8. Recognise the different issues facing men and women;
  9. Ensure older people, in both rural and urban areas, live with confidence in a secure environment and receive the services they need to do so; and
  10. Enable older people to take responsibility for their personal growth and development through changing circumstances.


Extensive consultation was undertaken with communities, with the non-government and the agedcare sectors, with local government, and with various advisory and expert groups. The purpose of the consultation was to seek feedback on the Positive Ageing Principles and to identify priority issues for action in the Positive Ageing Strategy.

Community consultation was undertaken through focus groups managed by the Senior Citizens Unit of the Ministry of Social Policy, Te Puni Kōkiri and the Ministry of Pacific Island Affairs.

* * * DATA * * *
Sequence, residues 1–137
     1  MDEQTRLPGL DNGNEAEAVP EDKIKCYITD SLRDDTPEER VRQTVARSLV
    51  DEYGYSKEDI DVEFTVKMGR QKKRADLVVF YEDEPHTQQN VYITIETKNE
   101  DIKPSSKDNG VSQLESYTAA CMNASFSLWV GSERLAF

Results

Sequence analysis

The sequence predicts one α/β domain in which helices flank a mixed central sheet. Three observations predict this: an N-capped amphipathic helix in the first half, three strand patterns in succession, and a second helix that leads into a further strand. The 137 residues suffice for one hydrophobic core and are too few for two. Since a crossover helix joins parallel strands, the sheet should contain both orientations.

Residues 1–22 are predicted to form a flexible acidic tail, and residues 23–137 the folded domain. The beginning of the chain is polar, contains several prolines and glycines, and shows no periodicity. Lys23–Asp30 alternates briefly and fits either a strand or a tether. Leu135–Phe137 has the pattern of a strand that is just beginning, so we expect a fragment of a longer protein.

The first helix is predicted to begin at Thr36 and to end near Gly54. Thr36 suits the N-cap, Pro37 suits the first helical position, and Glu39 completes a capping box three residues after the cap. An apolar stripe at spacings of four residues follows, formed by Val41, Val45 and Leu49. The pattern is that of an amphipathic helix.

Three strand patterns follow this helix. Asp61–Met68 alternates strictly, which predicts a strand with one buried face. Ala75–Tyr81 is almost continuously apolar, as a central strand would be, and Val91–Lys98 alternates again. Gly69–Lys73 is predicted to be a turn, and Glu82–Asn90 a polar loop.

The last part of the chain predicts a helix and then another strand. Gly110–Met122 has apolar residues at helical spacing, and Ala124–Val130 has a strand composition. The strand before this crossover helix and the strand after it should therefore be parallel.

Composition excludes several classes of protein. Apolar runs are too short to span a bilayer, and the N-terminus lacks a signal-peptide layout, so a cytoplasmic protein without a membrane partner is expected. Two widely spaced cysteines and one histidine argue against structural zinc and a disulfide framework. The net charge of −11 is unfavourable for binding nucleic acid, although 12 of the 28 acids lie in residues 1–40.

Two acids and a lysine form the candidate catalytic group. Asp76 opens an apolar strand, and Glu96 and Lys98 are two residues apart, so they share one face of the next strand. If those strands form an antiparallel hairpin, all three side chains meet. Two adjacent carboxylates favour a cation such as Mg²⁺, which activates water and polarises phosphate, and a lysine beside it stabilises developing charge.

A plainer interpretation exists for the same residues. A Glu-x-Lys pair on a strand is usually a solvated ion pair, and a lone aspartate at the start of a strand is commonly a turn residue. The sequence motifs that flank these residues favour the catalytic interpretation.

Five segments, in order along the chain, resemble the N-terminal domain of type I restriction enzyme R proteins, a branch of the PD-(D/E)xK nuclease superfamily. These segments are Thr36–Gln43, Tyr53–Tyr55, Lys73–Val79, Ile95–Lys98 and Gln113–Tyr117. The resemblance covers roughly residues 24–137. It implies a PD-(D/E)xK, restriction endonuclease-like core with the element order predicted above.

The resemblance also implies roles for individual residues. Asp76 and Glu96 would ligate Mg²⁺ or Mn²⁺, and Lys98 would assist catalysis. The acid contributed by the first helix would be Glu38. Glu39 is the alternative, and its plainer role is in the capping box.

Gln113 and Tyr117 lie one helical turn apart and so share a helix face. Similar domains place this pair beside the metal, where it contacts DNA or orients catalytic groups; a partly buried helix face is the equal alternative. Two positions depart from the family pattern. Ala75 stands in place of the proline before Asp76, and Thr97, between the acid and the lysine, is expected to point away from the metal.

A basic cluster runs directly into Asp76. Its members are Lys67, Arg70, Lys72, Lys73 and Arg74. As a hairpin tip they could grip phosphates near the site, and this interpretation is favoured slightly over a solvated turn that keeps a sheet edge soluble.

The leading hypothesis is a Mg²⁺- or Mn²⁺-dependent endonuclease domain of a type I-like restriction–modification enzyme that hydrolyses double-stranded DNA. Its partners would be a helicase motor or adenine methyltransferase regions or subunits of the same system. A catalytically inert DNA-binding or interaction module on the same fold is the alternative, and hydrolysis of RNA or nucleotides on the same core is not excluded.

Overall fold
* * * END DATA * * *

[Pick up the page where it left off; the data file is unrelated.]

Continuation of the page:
Working with Communities

The Senior Citizens Unit Volunteer Community Co-ordinators hosted focus group meetings in Northland, Whangārei, Auckland, Hamilton, Coromandel, Tauranga, Rotorua, New Plymouth, Hawkes Bay, Palmerston North, Whanganui, Wairarapa, Kapiti, Wellington, Nelson, Hokitika, Greymouth, Christchurch, Timaru, Dunedin and Invercargill. Specific focus groups for Māori were held in Hamilton, Whakatāne, Tauranga and Rotorua. A summary of the report from the community focus group meetings outlines the priority issues identified by over 600 participants.

In addition, Te Puni Kōkiri organised hui in Gisborne, Lower Hutt, Christchurch, and Invercargill and reports from these meetings identified issues of particular interest and concern to Māori.

The Ministry of Pacific Island Affairs and the Senior Citizens Unit jointly hosted a focus group with Pacific people in Christchurch, and gatherings for Pacific people in Auckland were arranged through the Pacific Older People's Auckland Network.